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3 - Unconventional Beginnings

Published online by Cambridge University Press:  27 March 2021

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Summary

BEGINNINGS TO CONFOUND

SOME beginnings involve a deliberate feint towards a wrong key, so that the arrival of the right key comes accompanied by freshness and surprise. We can see this in the slow introduction to Beethoven's First Symphony, where the first sound is a V7 chord: C7 moving to F. But the second measure gives us a G7 chord that again defeats expectations, since it moves deceptively to A minor. Next, a measure of D Major crescendos to cadence on G. With constant underminings (the G chord is followed by a short phrase containing both G# and F§!), the real tonic of the movement is considerably delayed, being confirmed only at measure 8. It takes twelve measures of this Adagio molto introduction before a further definitive cadence onto C heralds the clear arrival of the Allegro con brio and its principal theme, now insistently affirming the tonic. After its first phrase, however, this tonic moves up a step to a statement on the second degree before returning home. This is a move that became a favorite of Beethoven’s, being found again in the Scherzo of the String Quartet, Op. 18 No. 1, the Prometheus overture, the String Quintet, Op. 29, and the String Quartet, Op. 59 No. 3. Moves to the flat-second degree, the Neapolitan, occur in the “Appassionata” Piano Sonata and the String Quartet, Op. 59 No. 2, and – forcefully – in the Op. 95 String Quartet. Here in the symphony, the slow introduction acts as an alert for harmonic excursions, however brief, to come.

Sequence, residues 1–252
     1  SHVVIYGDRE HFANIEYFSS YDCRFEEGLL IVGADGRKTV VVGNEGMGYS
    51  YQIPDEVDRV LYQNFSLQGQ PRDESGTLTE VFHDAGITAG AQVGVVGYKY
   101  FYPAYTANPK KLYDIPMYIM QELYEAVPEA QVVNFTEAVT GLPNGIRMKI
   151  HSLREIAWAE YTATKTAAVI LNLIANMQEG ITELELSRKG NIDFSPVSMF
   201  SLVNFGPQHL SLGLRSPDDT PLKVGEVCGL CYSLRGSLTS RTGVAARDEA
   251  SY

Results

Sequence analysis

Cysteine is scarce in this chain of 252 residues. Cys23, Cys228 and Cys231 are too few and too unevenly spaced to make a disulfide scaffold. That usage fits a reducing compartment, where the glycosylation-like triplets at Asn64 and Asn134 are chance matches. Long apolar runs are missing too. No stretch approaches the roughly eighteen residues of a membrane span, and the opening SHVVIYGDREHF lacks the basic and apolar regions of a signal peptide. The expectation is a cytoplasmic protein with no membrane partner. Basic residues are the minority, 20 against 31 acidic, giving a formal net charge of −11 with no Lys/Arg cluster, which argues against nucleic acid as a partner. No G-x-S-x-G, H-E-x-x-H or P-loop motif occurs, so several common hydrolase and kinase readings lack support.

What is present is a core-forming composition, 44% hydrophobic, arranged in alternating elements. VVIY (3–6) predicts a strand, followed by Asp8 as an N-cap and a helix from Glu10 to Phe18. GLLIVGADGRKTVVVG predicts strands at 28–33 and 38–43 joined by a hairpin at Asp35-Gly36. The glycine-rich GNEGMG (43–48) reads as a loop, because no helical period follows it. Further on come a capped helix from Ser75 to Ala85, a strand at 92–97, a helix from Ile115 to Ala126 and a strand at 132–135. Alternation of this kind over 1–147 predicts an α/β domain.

The beginning of the finale of Beethoven's Fourth Piano Concerto in G (see Example 54) is in the wrong key. (It also is irregular in phrasing, with two ten-measure phrases.) It insists on C Major with a half-cadence in G; and the piano repetition of the orchestral opening phrase (an octave higher) is played over a C drone. (Both have only very sudden cadences to G.) And here also this wrong key is advance warning, in this case for a long-range modulation from the slow movement's E minor (which leads attacca to the finale) to the G-Major “right” key of the rondo: E minor (= G Major vi) – C (IV) – D (V) – G (I). The modulation takes place over forty measures and across movements, but it has an inexorable logic, as do all of Beethoven's harmonic surprises.

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Publisher: Boydell & Brewer
Print publication year: 2020

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